For these reasons, we’ve found the Ancestry DNA kit to be ideal if you’re in search of distant relatives or if you hope to unravel more about your personal genetic predispositions. On the other hand, the Ancestry DNA kit does have some limitations.
Autosomal DNA tests can only reliably provide information as far back as 3-4 generations, and may provide you speculative results up to 8 generations. That said, if you were hoping to trace your ancestry, the test can only supply information up to 8 generations back.
That said, Ancestry DNA tests might not be as reliable if you were hoping to uncover detailed ethnic and ancestral histories.
What’s in The Kit?
The Ancestry DNA testing kit is performed via the collection of a saliva sample. Included in the kit is a saliva collection tube, complete instructions to guide you through the process, and a pre-paid return mailer to send your sample back to the lab.
Once you finish collecting your sample and send it back to the lab, the company could take anywhere from 6 to 8 weeks to return your results. While that might seem like a long time to wait, it pays to know that most autosomal DNA tests from other providers take about the same amount of time.
How Much Does It Cost?
Presently, Ancestry DNA offers two different packages – the Ancestry DNA kit and the Ancestry DNA + Traits kit. The first kit comes in at $99 USD while the more advanced kit costing just $20 USD more, putting it at $119 USD. Do note that these prices are exclusive of taxes and shipping fees, however the company does shave off the shipping costs if you’re buying two or more kits.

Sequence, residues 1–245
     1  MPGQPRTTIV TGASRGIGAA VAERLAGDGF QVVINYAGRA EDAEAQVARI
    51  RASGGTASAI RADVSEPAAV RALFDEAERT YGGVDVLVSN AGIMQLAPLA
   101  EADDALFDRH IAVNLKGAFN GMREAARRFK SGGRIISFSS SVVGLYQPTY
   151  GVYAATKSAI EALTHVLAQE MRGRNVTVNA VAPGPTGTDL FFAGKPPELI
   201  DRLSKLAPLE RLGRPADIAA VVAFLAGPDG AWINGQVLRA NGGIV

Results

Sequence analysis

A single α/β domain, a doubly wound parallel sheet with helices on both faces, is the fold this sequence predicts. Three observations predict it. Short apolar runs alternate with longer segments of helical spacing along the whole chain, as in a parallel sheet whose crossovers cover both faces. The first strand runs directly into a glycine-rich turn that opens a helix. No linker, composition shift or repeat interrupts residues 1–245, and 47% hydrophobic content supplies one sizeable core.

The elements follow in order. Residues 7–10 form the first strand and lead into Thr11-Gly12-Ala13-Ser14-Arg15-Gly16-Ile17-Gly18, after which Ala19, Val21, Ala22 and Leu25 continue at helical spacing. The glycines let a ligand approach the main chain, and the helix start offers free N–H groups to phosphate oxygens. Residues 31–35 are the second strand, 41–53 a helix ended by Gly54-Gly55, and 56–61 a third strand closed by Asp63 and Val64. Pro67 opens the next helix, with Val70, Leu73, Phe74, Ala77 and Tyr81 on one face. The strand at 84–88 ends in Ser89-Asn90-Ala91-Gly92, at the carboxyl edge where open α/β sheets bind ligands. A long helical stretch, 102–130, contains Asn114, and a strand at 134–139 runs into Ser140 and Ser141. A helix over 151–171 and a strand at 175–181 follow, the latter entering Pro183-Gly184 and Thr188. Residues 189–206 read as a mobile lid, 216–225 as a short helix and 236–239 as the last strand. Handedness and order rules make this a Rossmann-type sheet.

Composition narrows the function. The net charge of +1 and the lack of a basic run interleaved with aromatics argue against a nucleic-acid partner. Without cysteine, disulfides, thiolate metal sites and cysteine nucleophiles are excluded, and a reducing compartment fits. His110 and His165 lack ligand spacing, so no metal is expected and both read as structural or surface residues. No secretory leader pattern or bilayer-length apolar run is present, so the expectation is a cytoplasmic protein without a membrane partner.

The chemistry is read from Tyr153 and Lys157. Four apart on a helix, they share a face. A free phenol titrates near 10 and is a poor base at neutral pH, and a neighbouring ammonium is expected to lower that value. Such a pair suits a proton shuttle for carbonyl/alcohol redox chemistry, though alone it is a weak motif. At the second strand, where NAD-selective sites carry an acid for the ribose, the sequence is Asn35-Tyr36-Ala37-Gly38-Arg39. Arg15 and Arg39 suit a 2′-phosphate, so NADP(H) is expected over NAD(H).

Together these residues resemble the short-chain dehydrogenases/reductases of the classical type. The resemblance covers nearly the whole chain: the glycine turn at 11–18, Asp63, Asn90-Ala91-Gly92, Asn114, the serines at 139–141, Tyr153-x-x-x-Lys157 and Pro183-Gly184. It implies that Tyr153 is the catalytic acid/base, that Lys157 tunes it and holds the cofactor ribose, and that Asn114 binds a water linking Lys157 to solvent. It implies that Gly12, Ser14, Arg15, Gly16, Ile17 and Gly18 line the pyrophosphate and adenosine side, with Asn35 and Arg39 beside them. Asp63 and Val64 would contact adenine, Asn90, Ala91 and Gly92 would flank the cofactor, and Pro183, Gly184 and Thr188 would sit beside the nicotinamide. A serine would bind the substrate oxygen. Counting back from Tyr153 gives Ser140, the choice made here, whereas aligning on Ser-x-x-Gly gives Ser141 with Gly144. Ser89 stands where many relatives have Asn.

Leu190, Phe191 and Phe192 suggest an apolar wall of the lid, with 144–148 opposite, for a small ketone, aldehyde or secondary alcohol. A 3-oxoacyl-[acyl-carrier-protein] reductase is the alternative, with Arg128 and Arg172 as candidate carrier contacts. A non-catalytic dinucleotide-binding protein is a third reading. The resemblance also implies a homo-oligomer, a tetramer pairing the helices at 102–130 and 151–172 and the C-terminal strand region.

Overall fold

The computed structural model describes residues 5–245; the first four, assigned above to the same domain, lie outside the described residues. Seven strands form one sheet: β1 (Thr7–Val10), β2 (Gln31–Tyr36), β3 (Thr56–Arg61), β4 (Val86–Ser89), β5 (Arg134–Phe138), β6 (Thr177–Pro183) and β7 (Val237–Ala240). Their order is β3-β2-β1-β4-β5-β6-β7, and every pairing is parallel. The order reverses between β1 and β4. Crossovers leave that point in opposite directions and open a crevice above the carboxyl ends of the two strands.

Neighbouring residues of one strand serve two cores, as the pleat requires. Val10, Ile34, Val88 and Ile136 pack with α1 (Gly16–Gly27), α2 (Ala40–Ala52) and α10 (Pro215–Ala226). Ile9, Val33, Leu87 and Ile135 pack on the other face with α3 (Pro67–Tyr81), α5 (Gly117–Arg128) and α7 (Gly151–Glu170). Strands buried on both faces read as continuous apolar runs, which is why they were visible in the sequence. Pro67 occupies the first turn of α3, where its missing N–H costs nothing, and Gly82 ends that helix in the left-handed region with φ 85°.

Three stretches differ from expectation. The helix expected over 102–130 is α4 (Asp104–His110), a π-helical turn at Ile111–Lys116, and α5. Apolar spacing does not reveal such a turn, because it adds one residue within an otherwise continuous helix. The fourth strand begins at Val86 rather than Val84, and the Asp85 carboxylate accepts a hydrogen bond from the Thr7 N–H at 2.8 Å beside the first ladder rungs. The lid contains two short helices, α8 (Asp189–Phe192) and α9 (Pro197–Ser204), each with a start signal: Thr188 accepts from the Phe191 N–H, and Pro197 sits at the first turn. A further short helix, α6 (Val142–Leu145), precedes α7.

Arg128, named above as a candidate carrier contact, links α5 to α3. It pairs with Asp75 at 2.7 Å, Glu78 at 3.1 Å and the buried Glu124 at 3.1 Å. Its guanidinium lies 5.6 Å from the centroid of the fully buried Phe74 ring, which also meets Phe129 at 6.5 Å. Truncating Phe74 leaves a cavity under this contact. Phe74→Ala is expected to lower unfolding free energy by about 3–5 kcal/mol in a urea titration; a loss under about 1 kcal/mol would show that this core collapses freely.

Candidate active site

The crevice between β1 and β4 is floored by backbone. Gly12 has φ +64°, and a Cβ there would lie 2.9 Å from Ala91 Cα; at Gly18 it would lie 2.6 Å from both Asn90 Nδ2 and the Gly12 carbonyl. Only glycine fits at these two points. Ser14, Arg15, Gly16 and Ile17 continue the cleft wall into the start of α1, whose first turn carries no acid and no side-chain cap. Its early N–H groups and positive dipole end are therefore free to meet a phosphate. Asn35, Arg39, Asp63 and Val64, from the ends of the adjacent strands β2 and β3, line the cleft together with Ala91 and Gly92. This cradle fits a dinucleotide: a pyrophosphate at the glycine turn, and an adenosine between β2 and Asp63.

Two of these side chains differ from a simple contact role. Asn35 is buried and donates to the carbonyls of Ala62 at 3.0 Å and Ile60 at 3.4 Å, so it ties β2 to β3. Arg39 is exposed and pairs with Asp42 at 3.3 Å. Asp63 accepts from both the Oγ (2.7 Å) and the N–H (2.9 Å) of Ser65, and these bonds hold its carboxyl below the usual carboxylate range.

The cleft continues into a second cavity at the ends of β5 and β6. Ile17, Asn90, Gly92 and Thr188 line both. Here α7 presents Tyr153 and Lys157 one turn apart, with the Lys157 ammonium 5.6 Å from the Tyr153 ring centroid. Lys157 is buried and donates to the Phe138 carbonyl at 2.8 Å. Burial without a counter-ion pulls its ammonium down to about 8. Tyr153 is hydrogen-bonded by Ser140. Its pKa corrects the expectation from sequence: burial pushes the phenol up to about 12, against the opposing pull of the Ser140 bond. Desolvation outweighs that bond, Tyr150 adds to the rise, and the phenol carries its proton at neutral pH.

Basically, they offer the same essential results, but the more expensive kit comes with a few extra features that might be more beneficial for some users. Here’s a quick comparison of the two packages:
|Ancestry DNA||Ancestry DNA + Traits|
|Origins & ethnicity||✔||✔|
|Historical and geographical insight||✔||✔|
|Invite DNA matches||✘||✔|
If you’re not quite sold on the idea of buying a kit just yet, Ancestry DNA also offers a limited free 14-day trial. This trial gives you access to the Ancestry DNA historical database so you can start tracing your family tree and learning more about your possible ethnic and ancestral background.
Tools and Resources from Ancestry DNA
What really sets DNA testing kits apart is the tools that they provide to help you trace your genealogy and ancestry. Different providers develop a range of different tools that you can access online once you’ve received your results.
These tools are designed to help you better understand your results and perform genealogical research on your own. Through the Ancestry DNA platform, you’ll be given access to several tools, including:
- Initial Report – Once you receive your results, Ancestry DNA will contact you to inform you that the findings from your DNA sample have been uploaded to the site. While it might take up to 8 weeks, some users have reported receiving their results in as little as 2 weeks.
The initial report shows you a few key pieces of information to kick you off on your research. A pie chart that presents you with your ethnicity estimates, and the report also shows you possible DNA matches in their database.